- Q & A
December 1988 Newsletter
Wines evaluated last month: 261 Rejected: 211 Approved: 58 Selected: 2
Tradition... Tradition... Tradition... No, not à la Fiddler on the Roof, but a la Wine of the Month Club!
Traditionally, for 17 Holiday Seasons now, I select for our December selections a sparkling wine and a fortified wine. These two categories of wine are impor¬tant in the world of wines, and an expo¬sure to them once a year is in order. This way, the sparkling wine is on hand for a New Years Eve toast, and the fortified is appropriate for the Holiday Season. Something different!
The story of our sparkling is an inter-esting one. It is unique in several ways, including the fact that it is made exclusively from the Semillon grape. The tra¬ditional grapes for sparkling wines from California to Champagne in France are usually Chardonnay and/or Pinot Noir. See if you can identify the Semillon.
It is time to show a Sherry again. We did a port last year, and a Madeira before that. I picked a cream version of sherry with trepidation. I know the resistance to sweeter wines among many of you. But... this one is rather unusual. It is not really that sweet! It has some wonderful background flavors. Curl up to the fire in December and have a sip... it is easy to get used to!
From us at WOMC to you... the best of the Season.
INSIDENapa Valley Brut,'86.Barons Pg. 2
Cream Sherry,n.v.Osborne Pg. 3
Uncorking Sparkling Wine Pg. 4
Tasting Notes & Cellar Notes Pg. 5
Adventures In Eating Pg. 6
Wine & Gift Order Forms Pgs. 7/8
Membership in the Wine of the Month Club is open to anyone with an interest in and an appreciation for superb wines...and excellent wine values. Membership is FREE. For info, write: Wine of the Month Club, P.O. Box 217, Palos Verde, CA 90274. (213) 534-1980
NAPA VALLEY BRUT, 1986. BARONS Napa Valley Brute
The Baron brand of our California sparkling wine this December is a crea¬tion of J Patrick Doré. He is America's largest domestic wine negociant-eleveur. Pat cut his teeth in the wine business as an employee in a fine wine shop in San Francisco at the age of sixteen. At nine¬teen, he became manager of the store. For the next twenty years, he progressed in the wine industry at various marketing and executive positions. In 1982, Pat founded his own firm. As a negociant, he searches the wine market throughout Cal¬ifornia in order to find, purchase, and bottle wines that represent the finest dol¬lar value to consumers today. When he finds a wine that pleases him and his as¬sociate wine maker Kurt Lorenzi, he "ne-gotiates" a purchase with the vintner. If necessary, he elevates by blending and aging. Thus the French term "negociant eleveur".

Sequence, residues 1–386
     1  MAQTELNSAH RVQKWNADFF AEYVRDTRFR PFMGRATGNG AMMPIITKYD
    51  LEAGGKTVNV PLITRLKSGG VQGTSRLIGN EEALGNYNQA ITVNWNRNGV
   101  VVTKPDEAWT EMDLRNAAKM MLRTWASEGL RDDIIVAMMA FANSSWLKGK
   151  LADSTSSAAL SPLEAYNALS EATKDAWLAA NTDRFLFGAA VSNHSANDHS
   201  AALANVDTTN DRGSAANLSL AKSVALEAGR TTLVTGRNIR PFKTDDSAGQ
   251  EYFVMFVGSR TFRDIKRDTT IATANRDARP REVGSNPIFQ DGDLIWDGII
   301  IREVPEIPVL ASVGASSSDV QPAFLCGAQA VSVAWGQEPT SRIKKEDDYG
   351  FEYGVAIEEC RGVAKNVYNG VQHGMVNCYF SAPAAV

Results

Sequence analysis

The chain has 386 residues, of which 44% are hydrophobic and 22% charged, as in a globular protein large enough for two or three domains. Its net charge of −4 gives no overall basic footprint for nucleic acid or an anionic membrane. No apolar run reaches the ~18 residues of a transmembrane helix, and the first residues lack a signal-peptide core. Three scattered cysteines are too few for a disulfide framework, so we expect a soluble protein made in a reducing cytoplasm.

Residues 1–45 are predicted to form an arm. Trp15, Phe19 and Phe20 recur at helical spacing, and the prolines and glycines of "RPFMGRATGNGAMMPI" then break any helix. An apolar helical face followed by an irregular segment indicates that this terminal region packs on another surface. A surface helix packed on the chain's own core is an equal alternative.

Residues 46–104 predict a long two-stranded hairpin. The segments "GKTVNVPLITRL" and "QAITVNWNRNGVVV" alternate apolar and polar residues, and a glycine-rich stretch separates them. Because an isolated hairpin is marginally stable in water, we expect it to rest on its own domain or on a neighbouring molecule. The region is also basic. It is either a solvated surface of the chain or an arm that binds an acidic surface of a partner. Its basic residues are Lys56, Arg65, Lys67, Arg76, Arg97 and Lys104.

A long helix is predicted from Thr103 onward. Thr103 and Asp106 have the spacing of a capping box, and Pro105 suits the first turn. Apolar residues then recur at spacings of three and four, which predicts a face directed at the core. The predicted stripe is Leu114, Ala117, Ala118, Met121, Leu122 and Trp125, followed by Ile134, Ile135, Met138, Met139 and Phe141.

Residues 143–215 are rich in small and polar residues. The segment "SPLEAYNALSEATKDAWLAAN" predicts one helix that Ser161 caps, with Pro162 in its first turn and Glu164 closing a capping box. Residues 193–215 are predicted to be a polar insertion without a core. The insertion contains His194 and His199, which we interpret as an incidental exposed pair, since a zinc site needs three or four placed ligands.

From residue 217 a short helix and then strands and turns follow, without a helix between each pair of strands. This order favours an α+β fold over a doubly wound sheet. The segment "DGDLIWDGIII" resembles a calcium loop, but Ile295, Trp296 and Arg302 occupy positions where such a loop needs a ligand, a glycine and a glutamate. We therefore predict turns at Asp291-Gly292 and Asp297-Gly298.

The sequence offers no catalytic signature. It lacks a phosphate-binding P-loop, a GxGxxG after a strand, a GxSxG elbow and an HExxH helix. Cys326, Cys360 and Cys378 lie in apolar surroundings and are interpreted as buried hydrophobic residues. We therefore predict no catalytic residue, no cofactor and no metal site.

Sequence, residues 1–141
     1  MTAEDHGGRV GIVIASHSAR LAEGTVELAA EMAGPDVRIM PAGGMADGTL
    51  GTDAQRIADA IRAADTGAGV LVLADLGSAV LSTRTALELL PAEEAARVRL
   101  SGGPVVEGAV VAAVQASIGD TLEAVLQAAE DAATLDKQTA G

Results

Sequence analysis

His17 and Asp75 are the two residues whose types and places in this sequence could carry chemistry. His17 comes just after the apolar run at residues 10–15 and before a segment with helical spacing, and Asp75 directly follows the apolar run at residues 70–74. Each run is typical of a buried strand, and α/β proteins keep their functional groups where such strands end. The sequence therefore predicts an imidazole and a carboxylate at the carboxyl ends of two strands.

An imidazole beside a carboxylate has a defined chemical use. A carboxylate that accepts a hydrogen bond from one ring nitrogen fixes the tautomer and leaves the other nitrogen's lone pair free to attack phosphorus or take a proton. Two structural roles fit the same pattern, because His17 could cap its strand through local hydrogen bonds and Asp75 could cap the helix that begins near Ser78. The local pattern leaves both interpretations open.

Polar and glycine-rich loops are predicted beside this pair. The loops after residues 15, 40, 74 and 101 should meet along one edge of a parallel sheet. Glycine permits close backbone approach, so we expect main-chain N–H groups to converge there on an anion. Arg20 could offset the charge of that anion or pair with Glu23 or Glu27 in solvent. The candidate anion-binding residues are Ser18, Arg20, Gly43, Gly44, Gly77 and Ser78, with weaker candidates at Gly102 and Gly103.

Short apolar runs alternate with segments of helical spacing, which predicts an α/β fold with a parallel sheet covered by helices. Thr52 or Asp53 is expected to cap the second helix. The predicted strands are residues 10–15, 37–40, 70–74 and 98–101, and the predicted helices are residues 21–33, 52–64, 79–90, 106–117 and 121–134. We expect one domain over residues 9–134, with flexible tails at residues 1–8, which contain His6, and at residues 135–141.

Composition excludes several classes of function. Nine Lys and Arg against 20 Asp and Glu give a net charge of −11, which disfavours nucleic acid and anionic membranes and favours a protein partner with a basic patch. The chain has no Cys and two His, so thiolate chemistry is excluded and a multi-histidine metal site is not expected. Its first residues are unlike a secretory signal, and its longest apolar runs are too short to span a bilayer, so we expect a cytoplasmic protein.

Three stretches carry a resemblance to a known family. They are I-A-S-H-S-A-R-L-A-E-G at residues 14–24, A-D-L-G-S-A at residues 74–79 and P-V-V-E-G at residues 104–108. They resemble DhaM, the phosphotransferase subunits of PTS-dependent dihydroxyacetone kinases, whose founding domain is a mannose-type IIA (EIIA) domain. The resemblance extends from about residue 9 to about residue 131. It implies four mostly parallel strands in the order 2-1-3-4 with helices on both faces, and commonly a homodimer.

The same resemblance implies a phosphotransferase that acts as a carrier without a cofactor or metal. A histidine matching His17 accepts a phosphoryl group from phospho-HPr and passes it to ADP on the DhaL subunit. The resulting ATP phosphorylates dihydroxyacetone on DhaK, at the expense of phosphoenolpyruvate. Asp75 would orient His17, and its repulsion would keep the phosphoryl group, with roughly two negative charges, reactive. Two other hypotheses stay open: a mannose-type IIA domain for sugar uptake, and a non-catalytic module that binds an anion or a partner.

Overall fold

Last year, Pat decided to invade the sparkling wine field. His marketing ex¬pertise identified a need for a quality, me¬dium priced, sparkling wine; to fill the gap between the two extremes of price in the California sparkling wine market.
Kurt Lorenzi, his wine maker, com-ments: "Pat Doré and I were convinced that a Charmat process could produce an outstanding sparkler if three conditions were met: a) use a fine cuvee that had a very pronounced varietal character that would remain intact after its scrimmage with yeast during its second fermenta¬tion. b) ferment at a cold temperature, so that the yeast and wine would have prop¬er time to marry and complement each other. c) extend the fermentation process as long as possible to enhance the fruity qualities of the wine. We met all three conditions...the Semillon grape comes through nicely in the nose and on the pa¬late...it has a pleasant "nutty" aftertaste that is distinctive and desirable...the bub¬bles arc small and tight which is a great vehicle to bring the full aroma to the nose and abundance of fruit flavor in the mouth. It's clean, crisp and unique."